Cover image for The mercy factory : refugees and the American asylum system
The mercy factory : refugees and the American asylum system
Einolf, Christopher J., 1969-
Publication Information:
Chicago : I.R. Dee, [2001]

Physical Description:
xix, 263 pages ; 24 cm
Format :


Call Number
Material Type
Home Location
Item Holds
KF4836.Z9 E37 2001 Adult Non-Fiction Non-Fiction Area

On Order



Each year thousands of people come to the United States seeking protection more than 62,000 applied for asylum in 1998 alone. America is a country of immigrants with a proud tradition of welcoming refugees from persecution. Yet most Americans object to high levels of illegal immigration, and many feel that poor immigrants are a burden to the society. These conflicting views are played out in a complex system of asylum adjudication that has developed over the last twenty years. The Mercy Factory is the first book to examine that system. It does so by telling the stories of five refugees, following them from their experience of persecution in their home countries to their arrival in the United States and their progress through the barriers of the American immigration legal system. The stories are both tragic and inspiring, but they also illuminate the workings of the asylum system and the dilemmas often faced by immigration officials and judges who must make life or death decisions in limited time, with limited information at hand. Throughout his absorbing narrative, Mr. Einolf explains the basic law of asylum in layman's terms, examines the history of the asylum adjudication system, and suggests proposals for reform."

Author Notes

Christopher J. Einolf is an accredited legal representative for asylum applicants and has acted behalf of more than three hundred refugees from over thirty-five different countries. He now works for the Pennsylvania Immigrant Resource Center a director of advocacy for children in INS detention

Reviews 2

Booklist Review

Offering refugees asylum became a formal part of U.S. law more than 20 years ago, with enactment of the Refugee Act of 1980. That statute set up the administrative structure of asylum officers, immigration judges, the Bureau of Immigration Appeals--"the mercy factory" --that determines which applicants are granted asylum. Einolf, who directs the asylum advocacy program of Lutheran Social Services in Washington, D.C., has represented hundreds of asylum applicants. The U.S., he declares in his preface, "has created one of the world's most effective asylum adjudication systems," but this system is "at risk" thanks to recent changes urged by the anti-immigration lobby. Einolf displays the strengths and weaknesses of the current system by describing the experiences of five of his clients: a Cameroonian couple and women from the Congo and Ethiopia. He spotlights legislative and regulatory changes since 1996 that increase the obstacles asylum seekers face, and he spells out needed changes. Appendixes list organizations that help asylum seekers and rank asylum-approval rates by country of origin. --Mary Carroll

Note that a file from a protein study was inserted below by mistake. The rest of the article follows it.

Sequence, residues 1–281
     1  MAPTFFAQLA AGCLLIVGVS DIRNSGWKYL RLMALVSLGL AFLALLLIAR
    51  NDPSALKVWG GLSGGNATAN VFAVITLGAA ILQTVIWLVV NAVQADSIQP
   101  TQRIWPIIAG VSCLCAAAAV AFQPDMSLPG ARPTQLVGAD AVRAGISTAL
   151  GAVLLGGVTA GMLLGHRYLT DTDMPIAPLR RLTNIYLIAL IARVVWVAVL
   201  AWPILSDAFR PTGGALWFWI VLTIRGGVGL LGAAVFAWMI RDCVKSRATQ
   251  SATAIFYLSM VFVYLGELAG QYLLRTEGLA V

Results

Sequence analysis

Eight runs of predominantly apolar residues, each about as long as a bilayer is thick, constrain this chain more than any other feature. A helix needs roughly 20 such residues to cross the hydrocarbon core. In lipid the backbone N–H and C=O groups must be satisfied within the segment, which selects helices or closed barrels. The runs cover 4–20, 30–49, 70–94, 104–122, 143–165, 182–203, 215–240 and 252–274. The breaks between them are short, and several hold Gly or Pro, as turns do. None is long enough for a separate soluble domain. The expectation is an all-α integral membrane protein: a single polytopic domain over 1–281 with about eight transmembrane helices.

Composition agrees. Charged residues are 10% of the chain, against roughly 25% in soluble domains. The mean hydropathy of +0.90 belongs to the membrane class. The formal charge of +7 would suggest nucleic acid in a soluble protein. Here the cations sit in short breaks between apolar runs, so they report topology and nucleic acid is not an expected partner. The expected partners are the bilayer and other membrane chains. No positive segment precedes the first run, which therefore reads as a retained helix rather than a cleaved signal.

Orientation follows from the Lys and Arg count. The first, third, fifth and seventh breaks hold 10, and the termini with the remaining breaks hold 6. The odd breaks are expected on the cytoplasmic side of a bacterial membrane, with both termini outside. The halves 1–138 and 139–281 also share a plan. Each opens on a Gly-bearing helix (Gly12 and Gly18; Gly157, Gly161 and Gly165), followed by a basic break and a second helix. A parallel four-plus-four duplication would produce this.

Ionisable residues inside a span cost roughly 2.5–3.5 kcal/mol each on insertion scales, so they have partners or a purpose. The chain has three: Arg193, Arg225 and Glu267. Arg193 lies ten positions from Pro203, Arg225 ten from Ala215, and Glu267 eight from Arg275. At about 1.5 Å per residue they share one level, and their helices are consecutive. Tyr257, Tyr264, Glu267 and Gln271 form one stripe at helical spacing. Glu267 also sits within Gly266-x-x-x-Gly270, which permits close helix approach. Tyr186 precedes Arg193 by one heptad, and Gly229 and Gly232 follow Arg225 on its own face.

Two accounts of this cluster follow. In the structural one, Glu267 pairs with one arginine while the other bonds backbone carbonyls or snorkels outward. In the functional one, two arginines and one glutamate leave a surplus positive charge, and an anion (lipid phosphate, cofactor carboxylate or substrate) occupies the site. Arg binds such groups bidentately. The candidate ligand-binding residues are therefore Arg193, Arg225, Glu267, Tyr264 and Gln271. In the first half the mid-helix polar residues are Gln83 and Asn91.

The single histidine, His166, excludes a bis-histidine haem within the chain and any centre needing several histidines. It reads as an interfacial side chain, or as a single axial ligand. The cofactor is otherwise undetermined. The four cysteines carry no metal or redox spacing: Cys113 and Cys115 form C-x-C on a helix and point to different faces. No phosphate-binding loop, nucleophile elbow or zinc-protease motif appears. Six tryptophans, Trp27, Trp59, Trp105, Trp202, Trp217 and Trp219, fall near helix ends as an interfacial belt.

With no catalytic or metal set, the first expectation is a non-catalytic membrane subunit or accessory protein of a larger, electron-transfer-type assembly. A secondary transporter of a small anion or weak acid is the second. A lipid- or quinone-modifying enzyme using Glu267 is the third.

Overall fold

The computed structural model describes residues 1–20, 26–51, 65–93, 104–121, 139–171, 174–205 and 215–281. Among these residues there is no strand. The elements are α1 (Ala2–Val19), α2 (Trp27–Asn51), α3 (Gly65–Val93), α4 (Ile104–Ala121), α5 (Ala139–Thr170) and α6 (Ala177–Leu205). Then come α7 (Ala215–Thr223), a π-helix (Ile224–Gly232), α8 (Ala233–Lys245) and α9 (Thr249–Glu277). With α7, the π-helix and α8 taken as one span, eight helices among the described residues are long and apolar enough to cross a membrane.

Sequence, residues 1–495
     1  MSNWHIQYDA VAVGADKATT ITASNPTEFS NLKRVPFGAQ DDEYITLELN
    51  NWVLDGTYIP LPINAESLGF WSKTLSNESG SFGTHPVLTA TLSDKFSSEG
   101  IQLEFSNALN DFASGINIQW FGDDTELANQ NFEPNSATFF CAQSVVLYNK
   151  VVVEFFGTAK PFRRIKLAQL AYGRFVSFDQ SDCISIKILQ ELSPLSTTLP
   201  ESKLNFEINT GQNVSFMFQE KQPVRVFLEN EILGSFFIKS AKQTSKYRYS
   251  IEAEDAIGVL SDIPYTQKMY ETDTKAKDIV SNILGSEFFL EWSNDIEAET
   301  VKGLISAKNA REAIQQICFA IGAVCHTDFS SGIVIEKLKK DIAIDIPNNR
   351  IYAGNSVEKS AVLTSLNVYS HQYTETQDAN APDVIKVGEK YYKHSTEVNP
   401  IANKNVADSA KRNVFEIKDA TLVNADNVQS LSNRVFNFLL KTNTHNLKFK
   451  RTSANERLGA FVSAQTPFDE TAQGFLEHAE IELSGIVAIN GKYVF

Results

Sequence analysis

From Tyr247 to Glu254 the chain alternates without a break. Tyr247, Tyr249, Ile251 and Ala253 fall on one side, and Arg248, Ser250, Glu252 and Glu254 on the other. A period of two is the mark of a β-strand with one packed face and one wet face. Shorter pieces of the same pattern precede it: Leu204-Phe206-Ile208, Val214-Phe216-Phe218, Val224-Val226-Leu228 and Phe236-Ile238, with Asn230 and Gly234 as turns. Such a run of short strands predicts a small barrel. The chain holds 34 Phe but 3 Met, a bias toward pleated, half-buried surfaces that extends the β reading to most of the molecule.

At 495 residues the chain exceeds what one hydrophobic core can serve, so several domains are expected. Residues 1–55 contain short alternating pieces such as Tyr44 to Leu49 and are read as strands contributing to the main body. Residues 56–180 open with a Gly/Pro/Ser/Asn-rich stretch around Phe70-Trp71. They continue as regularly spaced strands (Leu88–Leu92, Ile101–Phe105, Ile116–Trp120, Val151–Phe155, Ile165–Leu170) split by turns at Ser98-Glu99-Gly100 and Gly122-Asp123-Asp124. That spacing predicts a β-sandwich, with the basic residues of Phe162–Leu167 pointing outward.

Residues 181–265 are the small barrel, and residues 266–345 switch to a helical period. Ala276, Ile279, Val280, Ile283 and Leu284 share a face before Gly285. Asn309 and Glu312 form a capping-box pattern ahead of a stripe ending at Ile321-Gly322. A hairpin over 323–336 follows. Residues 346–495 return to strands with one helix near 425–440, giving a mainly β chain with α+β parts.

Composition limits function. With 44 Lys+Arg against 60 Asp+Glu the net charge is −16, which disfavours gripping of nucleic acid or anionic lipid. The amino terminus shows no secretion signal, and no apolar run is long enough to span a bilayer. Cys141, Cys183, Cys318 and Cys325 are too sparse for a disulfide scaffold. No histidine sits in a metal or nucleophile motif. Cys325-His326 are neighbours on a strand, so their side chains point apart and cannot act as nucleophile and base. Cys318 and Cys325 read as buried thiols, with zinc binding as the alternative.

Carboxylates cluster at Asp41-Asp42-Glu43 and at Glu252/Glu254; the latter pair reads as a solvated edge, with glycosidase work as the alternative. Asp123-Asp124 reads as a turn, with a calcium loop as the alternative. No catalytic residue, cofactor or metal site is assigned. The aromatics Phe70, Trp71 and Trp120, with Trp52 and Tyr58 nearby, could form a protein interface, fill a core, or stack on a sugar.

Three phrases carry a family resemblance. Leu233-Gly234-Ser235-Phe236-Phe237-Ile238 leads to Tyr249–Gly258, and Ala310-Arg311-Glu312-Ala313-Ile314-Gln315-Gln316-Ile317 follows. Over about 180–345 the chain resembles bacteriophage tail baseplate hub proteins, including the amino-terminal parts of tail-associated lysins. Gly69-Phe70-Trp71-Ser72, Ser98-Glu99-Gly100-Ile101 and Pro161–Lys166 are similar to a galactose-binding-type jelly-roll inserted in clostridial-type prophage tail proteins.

Choice Review

Each year approximately 40,000 people arrive in the US illegally or with temporary visas, then seek to convince immigration officials that they should be allowed to reside in the US because they have well-founded fears of persecution. The criteria for proving a well-founded fear of persecution have become stricter since 1996, and this book examines the new legal travails of asylum seekers. Only about one-quarter of these asylum seekers are successful; the others are deported. Einolf, who describes himself as "an accredited legal representative," tells the stories of five of his African clients. Individual chapters cover persecution in their homelands, their arrival in the US, and various phases of their legal battles. In places the details of the cases become trivial (e.g., "the judge ... opened the proceedings by starting the courtroom tape recorder"). Nonetheless, this first-person account is riveting and cinematic in its ability to convey the drama of the asylum process. General readers will find the introduction and conclusion particularly useful in providing an overview of the legal aspects of this subject. All levels/collections. J. Hein University of Wisconsin--Eau Claire

Table of Contents

Forewordp. ix
Prefacep. xv
1 Asylum in the United Statesp. 3
2 Persecutionp. 22
3 Escapep. 48
4 Americap. 56
5 The Interviewp. 76
6 Courtp. 101
7 Safetyp. 135
8 The Mercy Factoryp. 146
9 Prison and Expedited Removalp. 171
10 The Future of Asylump. 203
Appendix 1 Organizations That Assist Asylum Seekersp. 242
Appendix 2 Approval Rates for Asylum Applications, by Countryp. 244
Bibliographyp. 248
Indexp. 253